Local and seasonal nachos? Well, Against The Grain tries to be as local and seasonal as they can be, and the pickings get even broader in the spring and summertime months. They work seasonally, resulting in salads and sandwiches that are as fresh as the air around the Harbourfront area. The dough for their flatbread is leavened with - what else? - Mill Street organic lager. (Guess what it pairs well with?) The Canadian fusion food fluctuates from French (steak frites) to Indonesian (Nasi Goreng). It's really all about the lakeside patio during the summer months. Take in the view.
With all of the accents and umlauts in the restaurant name, you might expect Tabüle to be a little fussy. It does offer a chic vibe, but the attention to detail stays where it belongs: in the food. From a crunchy falafel salad to succulent meats, this wonderful Middle Eastern restaurant seduces the tastebuds (and the belly dancer that occasionally performs seduces other areas). It is a small venue with dim lanterns and Moroccan accents setting the mood. The patio extends the limited seating during the summertime, with charming cushioned benches and wooden tables, allowing you to nosh until the sun comes down.
Amsterdam Brewhouse has a patio in Toronto that rivals the best. The brewhouse is an impressively large space with a waterfront view on all sides. The beer is what it is about for most patrons. There are amazing fresh and local picks, many of which are brewed in small batches. However, one cannot live on beer alone. The menu is fusion friendly, with hand-cut fries as the basis for the Canadian poutine. Offerings include lemon chicken schnitzel and baked potato pizza. Or you can always just order a pretzel and a few appetizers and be honest: you were just going for the beer anyway.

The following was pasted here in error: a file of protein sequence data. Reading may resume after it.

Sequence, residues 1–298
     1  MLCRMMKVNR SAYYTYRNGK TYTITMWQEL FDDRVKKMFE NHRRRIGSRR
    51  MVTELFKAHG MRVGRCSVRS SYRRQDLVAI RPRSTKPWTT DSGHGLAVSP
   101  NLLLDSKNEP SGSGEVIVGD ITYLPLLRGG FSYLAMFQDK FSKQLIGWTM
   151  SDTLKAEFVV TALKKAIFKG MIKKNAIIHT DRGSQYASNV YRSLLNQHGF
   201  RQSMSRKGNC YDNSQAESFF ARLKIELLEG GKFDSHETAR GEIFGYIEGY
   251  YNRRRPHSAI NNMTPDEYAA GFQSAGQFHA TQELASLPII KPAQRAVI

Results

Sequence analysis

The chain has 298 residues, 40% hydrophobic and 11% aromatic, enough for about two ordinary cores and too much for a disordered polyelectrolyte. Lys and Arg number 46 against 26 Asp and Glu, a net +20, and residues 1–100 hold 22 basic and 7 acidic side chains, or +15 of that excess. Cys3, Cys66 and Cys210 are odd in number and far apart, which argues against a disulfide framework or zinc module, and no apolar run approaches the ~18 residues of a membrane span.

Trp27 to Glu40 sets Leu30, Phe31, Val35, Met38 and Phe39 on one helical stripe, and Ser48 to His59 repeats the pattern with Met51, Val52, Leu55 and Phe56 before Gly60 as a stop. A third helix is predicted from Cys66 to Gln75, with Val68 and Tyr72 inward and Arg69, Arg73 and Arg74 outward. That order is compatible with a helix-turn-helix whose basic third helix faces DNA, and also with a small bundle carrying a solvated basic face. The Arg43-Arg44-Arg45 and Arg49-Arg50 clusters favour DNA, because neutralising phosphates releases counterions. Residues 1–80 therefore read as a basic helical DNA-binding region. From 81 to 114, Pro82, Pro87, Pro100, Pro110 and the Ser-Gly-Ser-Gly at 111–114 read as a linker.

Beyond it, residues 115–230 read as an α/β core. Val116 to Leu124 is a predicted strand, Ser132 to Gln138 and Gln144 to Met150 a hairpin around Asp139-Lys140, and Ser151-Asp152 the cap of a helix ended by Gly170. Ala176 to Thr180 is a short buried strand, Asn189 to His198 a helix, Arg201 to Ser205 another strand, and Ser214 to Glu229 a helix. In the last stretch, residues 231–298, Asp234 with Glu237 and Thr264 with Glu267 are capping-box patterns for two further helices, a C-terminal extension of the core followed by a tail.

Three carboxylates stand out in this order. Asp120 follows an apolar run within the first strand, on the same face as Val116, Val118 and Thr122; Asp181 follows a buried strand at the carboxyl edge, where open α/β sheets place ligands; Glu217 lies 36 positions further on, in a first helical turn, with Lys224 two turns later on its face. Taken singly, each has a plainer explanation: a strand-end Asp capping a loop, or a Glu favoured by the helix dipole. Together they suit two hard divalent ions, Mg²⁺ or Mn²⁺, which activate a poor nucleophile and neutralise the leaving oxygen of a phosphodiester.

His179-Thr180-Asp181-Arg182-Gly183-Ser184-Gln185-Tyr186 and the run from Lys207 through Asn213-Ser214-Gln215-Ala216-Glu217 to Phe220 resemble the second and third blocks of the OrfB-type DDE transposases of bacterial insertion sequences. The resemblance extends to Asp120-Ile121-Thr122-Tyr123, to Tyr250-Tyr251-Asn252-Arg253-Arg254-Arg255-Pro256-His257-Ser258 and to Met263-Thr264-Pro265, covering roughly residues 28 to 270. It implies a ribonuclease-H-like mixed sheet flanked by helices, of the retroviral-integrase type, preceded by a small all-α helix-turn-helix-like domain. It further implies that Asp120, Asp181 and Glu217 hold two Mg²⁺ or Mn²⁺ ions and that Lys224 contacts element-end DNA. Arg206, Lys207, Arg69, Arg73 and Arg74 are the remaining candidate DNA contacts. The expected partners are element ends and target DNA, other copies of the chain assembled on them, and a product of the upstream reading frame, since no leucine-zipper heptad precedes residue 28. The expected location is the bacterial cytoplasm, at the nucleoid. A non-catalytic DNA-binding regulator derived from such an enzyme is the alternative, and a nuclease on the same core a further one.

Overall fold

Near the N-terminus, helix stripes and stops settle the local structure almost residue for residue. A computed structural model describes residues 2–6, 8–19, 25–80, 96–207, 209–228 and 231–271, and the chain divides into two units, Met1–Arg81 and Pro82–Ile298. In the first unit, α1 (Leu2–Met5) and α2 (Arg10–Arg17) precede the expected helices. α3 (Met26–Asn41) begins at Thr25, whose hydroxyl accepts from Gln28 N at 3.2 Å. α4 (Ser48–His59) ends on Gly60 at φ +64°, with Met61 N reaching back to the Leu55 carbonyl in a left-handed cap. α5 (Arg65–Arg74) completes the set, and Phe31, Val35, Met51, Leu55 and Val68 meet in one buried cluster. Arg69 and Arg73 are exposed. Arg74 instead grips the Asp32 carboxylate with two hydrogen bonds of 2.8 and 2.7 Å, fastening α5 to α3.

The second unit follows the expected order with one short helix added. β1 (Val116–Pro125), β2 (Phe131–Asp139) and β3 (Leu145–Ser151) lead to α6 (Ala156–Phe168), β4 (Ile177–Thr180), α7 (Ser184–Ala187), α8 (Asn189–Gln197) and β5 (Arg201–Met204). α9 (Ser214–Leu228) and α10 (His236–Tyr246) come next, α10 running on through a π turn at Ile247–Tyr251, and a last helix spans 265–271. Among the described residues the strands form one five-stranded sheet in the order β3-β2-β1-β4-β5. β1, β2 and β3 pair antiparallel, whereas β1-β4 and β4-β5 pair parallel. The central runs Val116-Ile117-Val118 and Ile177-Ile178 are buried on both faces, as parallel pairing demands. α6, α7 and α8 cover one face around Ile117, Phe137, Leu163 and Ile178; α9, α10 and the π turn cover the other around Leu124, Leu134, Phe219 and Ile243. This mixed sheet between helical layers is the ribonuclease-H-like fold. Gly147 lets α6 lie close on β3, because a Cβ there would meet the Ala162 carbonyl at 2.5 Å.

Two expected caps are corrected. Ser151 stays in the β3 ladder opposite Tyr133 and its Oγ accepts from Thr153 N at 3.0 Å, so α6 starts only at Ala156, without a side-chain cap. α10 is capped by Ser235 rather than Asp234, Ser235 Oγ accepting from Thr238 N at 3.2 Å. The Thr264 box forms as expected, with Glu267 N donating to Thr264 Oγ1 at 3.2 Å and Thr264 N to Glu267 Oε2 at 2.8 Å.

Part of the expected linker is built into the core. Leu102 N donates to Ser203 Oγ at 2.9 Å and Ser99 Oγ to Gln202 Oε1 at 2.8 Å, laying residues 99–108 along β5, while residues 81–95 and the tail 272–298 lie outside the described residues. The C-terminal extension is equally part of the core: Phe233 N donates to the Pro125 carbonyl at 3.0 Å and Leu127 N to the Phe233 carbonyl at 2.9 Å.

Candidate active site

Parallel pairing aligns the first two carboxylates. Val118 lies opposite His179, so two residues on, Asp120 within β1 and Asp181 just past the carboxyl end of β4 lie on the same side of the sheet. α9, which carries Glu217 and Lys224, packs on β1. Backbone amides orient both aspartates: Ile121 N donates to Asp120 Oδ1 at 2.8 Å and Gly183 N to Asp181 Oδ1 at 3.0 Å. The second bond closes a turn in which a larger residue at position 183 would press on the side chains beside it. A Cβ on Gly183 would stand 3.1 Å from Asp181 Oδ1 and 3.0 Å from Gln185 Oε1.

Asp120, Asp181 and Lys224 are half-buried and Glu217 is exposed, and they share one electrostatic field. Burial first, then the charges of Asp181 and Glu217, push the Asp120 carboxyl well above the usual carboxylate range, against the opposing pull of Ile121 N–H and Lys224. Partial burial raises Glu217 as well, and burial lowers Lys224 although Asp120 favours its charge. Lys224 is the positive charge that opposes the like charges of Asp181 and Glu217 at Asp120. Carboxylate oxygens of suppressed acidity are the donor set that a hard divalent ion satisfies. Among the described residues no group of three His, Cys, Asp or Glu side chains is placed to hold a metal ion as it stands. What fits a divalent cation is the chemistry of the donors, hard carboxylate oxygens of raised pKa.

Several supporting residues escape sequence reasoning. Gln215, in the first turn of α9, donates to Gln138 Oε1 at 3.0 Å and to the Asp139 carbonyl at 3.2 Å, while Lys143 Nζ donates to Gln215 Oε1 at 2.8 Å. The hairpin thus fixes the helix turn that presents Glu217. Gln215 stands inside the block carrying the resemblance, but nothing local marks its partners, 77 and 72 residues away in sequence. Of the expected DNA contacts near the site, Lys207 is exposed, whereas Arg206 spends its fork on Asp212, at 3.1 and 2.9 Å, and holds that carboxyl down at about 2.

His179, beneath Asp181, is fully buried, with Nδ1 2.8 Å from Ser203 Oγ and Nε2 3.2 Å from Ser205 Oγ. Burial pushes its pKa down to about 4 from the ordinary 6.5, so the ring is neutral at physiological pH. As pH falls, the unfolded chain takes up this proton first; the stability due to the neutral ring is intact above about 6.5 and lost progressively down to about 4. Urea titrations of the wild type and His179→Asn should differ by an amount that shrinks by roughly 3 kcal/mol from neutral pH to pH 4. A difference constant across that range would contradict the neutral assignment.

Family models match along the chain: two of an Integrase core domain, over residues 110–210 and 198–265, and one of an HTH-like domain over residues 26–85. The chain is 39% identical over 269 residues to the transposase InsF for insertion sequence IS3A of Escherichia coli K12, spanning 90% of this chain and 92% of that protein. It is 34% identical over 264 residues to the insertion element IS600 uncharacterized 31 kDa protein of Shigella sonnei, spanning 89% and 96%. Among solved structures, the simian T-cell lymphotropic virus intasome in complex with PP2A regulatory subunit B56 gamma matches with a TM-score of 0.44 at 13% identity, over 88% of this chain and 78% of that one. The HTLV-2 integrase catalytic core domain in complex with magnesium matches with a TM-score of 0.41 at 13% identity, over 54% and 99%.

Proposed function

Bar Buca in the heart of downtown Toronto is dedicated to the art of eating, whether that means a planned sit-down meal or a gourmand snack in between meetings. The inside space is charming, with brick walls and patrons that wear glasses that questionably don't have a prescription. The courtyard patio is industrial, with orange chairs set around rectangular wooden tables that are decorated with wine glasses as if to say, "We know you are here to drink. Don't even pretend." The 50-person-capacity patio is not covered and not heated, so be sure that the weather is one of those scalding Toronto days where it feels like the seat is going to melt right off of those orange chairs. Bring sunscreen.
This restaurant is on Amelia street, so it could not be more aptly named. However, the restaurant's amiability extends far beyond the entrance. Owners and waiters learn your name quickly and don't rush you through your Northern Italian dinner. F'Amelia is a cozy trattoria tucked on the corner of a residential neighbourhood. It feels like you were plunked right in Tuscany, and the gently blistered pizza crusts say no differently. Try the pappardelle with rosemary braised rabbit, or one of their signature pies which use San Marzano tomatoes. The wine list has many affordable options to savour over the evening. The open air patio is large, yet it always seems to be packed in the summertime months.